The bank had earlier planned to raise $1 billion through a medium-term note (MTN) issue, but decided to re-work it because of unfavourable market conditions.
Its overseas fund-raising plans also took a hit after Moody’s Investors Service cut its rating to D+ from C- earlier this month. The rating agency also lowered SBI’s hybrid debt rating to Ba3 (hyb) from Ba2 (hyb). The rating downgrade will lead to higher borrowing costs for the state-run bank. Typically, banks raise funds from overseas markets to meet foreign currency needs of their Indian clients.
Contractor said if the bank decided to go ahead with the MTN issue, it would aim to raise at least $500 million. He, however, clarified there was no urgency in raising these funds. Money raised through such issues is classified as tier-II capital for banks.
SBI had earlier raised funds through MTNs to finance Tata Steel’s acquisition of Corus in the United Kingdom. It had lent $1 billion to the Indian steel maker for its $12.9-billion acquisition of the Anglo Dutch steel producer.
Senior SBI officials said the bank would need around Rs 7,900 crore from the government by the end of this financial year to maintain its tier-I capital adequacy ratio at eight per cent. SBI closed the first quarter of this financial year with a tier-I capital adequacy ratio of 7.6 per cent. Contractor said growth in SBI’s overseas operations had moderated a tad this financial year from a year ago. So far this financial year, the country’s largest lender has opened six overseas branches in the United Kingdom, Nepal, Mauritius and Saudi Arabia. It plans to set up a branch in Qatar soon.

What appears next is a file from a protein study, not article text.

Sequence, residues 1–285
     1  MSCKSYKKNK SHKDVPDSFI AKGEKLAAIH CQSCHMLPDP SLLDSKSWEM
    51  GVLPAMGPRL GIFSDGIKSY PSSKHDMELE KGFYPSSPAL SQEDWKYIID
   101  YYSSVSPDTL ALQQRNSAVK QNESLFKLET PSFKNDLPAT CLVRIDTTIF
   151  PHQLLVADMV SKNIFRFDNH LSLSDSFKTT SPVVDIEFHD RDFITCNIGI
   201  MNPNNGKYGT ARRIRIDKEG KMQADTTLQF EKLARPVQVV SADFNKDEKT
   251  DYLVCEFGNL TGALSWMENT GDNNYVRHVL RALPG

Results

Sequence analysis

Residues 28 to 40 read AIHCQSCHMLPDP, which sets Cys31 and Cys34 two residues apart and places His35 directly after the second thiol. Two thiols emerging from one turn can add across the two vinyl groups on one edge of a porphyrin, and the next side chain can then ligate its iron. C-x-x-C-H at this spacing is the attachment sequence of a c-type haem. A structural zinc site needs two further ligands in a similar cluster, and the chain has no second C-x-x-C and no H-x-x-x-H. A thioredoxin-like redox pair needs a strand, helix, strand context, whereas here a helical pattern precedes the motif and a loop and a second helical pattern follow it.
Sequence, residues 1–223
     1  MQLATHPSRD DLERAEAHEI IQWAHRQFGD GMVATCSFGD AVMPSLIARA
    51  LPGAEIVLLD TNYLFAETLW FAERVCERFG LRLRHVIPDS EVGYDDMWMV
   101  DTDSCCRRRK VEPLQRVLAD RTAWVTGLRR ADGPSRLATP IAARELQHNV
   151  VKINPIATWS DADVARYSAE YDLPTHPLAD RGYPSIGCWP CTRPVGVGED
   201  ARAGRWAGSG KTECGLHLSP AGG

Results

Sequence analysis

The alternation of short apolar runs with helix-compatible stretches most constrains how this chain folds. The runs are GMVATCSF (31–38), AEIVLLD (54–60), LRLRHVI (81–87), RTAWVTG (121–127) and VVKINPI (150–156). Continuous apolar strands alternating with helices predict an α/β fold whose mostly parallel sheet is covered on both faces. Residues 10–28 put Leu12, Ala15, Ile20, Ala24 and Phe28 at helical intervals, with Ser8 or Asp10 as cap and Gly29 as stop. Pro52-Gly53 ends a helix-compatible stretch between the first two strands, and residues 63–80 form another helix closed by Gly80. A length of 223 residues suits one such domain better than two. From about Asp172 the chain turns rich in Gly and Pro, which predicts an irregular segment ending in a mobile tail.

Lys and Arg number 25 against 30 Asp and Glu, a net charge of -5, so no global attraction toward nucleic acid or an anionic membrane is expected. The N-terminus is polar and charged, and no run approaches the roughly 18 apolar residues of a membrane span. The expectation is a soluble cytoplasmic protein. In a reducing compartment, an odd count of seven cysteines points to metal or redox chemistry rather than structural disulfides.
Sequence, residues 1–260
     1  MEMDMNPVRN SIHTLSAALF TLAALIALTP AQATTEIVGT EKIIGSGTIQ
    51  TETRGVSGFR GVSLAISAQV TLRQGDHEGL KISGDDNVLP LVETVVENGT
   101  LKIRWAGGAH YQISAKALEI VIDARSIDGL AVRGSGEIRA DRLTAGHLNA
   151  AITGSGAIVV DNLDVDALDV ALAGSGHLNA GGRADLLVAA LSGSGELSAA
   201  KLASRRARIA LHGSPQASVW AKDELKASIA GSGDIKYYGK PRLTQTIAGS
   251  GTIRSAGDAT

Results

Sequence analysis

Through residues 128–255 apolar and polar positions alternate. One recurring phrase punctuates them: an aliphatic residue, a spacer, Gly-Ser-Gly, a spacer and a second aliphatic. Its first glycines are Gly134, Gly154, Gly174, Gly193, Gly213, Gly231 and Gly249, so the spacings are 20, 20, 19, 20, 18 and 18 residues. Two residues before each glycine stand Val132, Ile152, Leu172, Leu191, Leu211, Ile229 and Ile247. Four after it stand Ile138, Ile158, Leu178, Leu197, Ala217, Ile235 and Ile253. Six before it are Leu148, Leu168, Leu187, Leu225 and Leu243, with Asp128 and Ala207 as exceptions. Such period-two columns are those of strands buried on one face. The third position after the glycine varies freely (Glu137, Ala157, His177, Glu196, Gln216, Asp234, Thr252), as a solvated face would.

SBI on Friday launched a foreign travel card, Vishwa Yatra Foreign Travel Card, in Saudi Riyal to allow its customers carry foreign currency safely. The product is aimed at overseas travellers to Saudi Arabia, particularly the Haj and Umra pilgrims.
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